Takeover Defense Tactics: A Comment on Two Models
Response or Comment
Ira M. Millstein Center for Global Markets and Corporate Ownership
Center for Law and Economic Studies
One of the most important debates of current corporate law practice and scholarship is about the appropriate role of target management confronted with a takeover bid. The controversy turns on the identification of a criterion for evaluating takeovers and target management defensive tactics. An influential body of opinion contends that maximization of shareholder wealth is the appropriate criterion because, first, traditional notions of fiduciary duty generally require managers to act in the shareholders' interest, and, second, shareholder wealth maximization is seen as the best available proxy for social wealth maximization. On this view, takeovers are desirable because they can increase shareholder wealth in two ways: first, by moving assets to managers who can produce the greatest economic return from them; and second, by increasing pressure on current management to maximize economic return from assets under their stewardship.
From this starting point, management has only two justifiable options for responding to a takeover bid. Some argue that management should respond passively. Passivity will maximize shareholder wealth by increasing the returns to search for takeover targets, which raises the number of value-increasing bids. Others contend that management may abandon passivity, but only to the extent necessary to instigate an auction for the firm. An auction will ensure that the user who most highly values the target assets will gain control over them (without the transaction costs of successive sales) while maximizing the payoff to target shareholders. Which of these responses would in fact maximize shareholder wealth is a matter of dispute.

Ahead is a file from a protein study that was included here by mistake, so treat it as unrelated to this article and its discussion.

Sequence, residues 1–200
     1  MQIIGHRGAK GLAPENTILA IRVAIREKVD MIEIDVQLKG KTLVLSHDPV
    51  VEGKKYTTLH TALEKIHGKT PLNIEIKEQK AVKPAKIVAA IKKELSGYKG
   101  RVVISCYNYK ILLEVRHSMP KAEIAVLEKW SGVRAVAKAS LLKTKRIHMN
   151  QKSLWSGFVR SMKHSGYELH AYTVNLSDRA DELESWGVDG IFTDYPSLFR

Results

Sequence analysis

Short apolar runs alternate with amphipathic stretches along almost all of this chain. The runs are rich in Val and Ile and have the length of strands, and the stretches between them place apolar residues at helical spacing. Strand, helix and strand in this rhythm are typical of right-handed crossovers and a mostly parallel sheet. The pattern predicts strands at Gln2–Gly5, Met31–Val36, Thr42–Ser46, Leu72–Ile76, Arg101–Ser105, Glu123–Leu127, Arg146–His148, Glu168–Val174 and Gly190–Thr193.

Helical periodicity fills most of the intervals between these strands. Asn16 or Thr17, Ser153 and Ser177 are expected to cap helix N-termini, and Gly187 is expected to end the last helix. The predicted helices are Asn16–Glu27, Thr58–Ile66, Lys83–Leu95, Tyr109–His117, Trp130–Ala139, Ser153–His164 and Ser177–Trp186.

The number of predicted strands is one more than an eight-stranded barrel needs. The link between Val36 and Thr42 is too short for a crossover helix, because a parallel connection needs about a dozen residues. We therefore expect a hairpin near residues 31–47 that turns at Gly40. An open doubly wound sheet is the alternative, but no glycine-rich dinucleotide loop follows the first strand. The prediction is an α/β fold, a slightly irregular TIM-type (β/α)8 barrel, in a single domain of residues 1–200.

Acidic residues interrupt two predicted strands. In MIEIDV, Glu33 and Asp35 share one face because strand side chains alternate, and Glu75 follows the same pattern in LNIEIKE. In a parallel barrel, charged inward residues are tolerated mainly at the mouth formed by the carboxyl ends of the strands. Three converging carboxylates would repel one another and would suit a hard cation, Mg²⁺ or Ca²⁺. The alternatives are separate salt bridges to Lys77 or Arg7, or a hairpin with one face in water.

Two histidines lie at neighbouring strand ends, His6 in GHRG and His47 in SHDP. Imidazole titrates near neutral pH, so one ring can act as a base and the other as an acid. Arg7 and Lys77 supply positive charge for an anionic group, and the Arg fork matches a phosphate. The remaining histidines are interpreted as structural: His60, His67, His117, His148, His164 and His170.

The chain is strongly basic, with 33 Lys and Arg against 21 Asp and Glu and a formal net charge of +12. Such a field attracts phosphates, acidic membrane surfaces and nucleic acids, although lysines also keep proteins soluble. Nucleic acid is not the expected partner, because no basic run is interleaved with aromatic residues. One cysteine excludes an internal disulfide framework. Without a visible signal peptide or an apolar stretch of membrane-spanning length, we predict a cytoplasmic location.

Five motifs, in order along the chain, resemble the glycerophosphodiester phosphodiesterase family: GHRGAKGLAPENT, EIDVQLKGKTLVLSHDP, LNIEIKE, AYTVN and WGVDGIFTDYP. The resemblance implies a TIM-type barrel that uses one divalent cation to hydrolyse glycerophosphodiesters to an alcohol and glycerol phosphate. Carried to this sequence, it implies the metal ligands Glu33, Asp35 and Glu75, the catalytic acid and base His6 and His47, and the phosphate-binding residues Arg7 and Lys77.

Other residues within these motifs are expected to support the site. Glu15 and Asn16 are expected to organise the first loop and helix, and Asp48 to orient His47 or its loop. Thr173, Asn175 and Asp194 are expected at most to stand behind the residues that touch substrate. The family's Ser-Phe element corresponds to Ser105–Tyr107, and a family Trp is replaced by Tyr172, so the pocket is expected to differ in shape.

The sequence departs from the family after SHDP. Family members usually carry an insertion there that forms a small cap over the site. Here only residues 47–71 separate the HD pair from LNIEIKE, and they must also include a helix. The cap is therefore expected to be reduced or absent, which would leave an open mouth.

Those who favor permitting target management responses that instigate auctions must face the problem of the divergence of shareholder and target management interests in a takeover. A successful auction means that target managers will possibly lose their jobs and certainly their autonomy. In adopting tactics that would tend to produce an auction, management may be hoping to thwart the takeover altogether. On the assumption that target management will act in a self-interested way, how should we distinguish tactics that will increase shareholder wealth from those that will not?
Jeffrey N. Gordon & Lewis A. Kornhauser,
Takeover Defense Tactics: A Comment on Two Models,
Yale L. J.
Available at: https://scholarship.law.columbia.edu/faculty_scholarship/251